I was extremely excited to make puff pastry at home because it’s quite versatile in the products you can make with the dough. It is a time-intensive dough because it requires rolling, folding and resting of the dough in order to create the light and flaky layers.

The biggest challenge of making puff pastry is trying to keep the butter from melting. Since you are handling the dough so much, the temperature from your hands will soften the butter quite quickly. The key is to work fast and to work on a cool surface. I have a granite countertop, which helps keep the dough cool. Also, if the dough is too soft to work with, just pop it in the freezer for 5-10 minutes before handling it again.

My end goal was to make Palmiers with the puff pastry dough, which are sometimes called palm leaves or elephant ears. The dough is basically rolled in either sugar or cinnamon sugar and baked until crispy and golden brown. Some other products you can use puff pastry for is chicken pot pie, fruit galettes, and turnovers. Puff pastry is used a lot for savory items, which is why it’s so versatile.


125g cake flour

125g bread flour

1 tsp salt

125g-200g cold water

35g softened butter

250g cold butter


  1. Make the dough: mix all the dries together in a mixer bowl. Mix with paddle. Add the 35g of softened butter.
  2. Add water a little at a time until dough comes together. The dough should look shaggy at this point.

Continue reading below for picture instructions. Note: At any time the dough is sticking, generously flour the surface area.

  1. Remove dough from mixer bowl and finishing mixing by hand. Flatten dough into a square; wrap and refrigerate. Meanwhile, prepare the butter (not pictured): loosely wrap the 250g of butter in plastic and slightly pound with rolling pin to soften. Shape into a square, wrap and refrigerator for about 15-30 minutes.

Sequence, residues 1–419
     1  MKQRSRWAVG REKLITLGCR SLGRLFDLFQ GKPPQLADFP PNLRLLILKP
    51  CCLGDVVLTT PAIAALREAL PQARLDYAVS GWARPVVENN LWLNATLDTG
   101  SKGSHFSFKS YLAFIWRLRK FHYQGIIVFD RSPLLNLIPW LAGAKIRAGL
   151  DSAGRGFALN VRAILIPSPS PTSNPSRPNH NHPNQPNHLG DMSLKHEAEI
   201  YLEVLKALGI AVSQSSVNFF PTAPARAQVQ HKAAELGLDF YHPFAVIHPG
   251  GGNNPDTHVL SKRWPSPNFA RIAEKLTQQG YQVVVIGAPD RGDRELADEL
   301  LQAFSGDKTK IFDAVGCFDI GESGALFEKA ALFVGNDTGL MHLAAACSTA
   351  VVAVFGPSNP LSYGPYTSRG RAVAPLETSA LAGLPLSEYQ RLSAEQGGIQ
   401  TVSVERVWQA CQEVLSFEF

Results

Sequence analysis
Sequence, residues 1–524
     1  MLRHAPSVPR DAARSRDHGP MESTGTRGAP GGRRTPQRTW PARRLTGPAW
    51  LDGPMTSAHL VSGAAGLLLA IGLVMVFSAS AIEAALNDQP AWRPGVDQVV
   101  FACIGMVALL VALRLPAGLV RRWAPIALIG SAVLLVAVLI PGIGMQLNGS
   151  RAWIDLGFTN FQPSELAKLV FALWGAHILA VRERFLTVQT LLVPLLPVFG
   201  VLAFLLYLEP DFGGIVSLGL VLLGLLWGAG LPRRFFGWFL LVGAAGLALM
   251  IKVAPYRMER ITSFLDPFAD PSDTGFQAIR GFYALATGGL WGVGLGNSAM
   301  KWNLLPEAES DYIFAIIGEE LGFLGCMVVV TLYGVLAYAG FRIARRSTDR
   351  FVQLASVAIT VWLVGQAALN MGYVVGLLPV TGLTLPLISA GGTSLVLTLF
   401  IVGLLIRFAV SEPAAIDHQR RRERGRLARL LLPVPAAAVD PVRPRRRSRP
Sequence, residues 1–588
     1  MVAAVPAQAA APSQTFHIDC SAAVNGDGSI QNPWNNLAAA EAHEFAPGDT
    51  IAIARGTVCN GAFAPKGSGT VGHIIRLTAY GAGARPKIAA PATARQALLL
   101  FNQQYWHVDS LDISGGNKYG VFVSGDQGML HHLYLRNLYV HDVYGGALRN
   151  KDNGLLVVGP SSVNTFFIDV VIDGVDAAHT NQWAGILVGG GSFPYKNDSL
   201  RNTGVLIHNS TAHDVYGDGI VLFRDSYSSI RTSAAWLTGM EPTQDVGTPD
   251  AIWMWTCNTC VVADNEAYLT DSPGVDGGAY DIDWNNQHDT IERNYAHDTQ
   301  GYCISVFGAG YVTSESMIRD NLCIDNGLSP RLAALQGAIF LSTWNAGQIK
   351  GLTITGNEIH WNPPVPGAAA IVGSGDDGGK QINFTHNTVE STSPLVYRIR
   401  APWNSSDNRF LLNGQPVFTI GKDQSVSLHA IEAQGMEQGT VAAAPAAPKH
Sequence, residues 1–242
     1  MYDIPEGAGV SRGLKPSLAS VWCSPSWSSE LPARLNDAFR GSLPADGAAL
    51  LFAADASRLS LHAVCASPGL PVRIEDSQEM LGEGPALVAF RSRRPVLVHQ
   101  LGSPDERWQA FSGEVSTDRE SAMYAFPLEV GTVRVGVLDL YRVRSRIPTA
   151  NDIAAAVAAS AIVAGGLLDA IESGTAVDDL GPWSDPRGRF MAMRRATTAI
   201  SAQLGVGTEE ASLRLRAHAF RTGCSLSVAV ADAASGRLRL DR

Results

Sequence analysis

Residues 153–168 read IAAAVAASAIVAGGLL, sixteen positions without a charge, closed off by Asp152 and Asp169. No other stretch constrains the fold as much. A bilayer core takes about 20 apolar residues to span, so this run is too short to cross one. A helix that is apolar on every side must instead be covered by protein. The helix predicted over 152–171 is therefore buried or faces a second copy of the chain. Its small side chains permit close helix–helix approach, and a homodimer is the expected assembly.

2. Roll out four flaps of the dough so that there is a center spot for the butter.
  3. Place chilled butter in the center of the dough. (Make sure flaps are large enough to cover the butter. If they are not big enough, roll flaps out a little more).
  4. Fold each flap up and over towards the center of the butter.
  5. The dough now encases the butter. Together, this is known as the paton.
  6. Roll out: turn paton so that the seam side is down. Flour surface area and carefully roll out the paton to a rectangle, about 1/8-in thick.
  7. Make one fold with one end of the rolled out paton.
  8. Make a second fold with the other end of the paton. At this point, the paton may be a little warm from all the handling. Wrap in plastic and chill in refrigerator for 15-30 minutes. After the paton has chilled, repeat steps 5-8 again to make a second set of folds. After making the second set of fold, you can wrap and refrigerate or freeze the paton until the next day.
  9. Roll out the paton to a large square/rectangle so that it is fairly thin. (Another option is to cut the paton in half before rolling it out so that it is easier to handle). Once rolled out, cut the square in half. Place one half of the dough in the freezer or refrigerator so that you are working with one piece at a time.
  10. Lightly sprinkle/spray some water on the dough. Generously sprinkle cinnamon sugar on the surface. Carefully flip the dough over to cover the other side with cinnamon sugar.
  11. Fold the edges over to create a flap that is about 1-in wide.
  12. Fold the flap over again. This should leave a small gap in the center.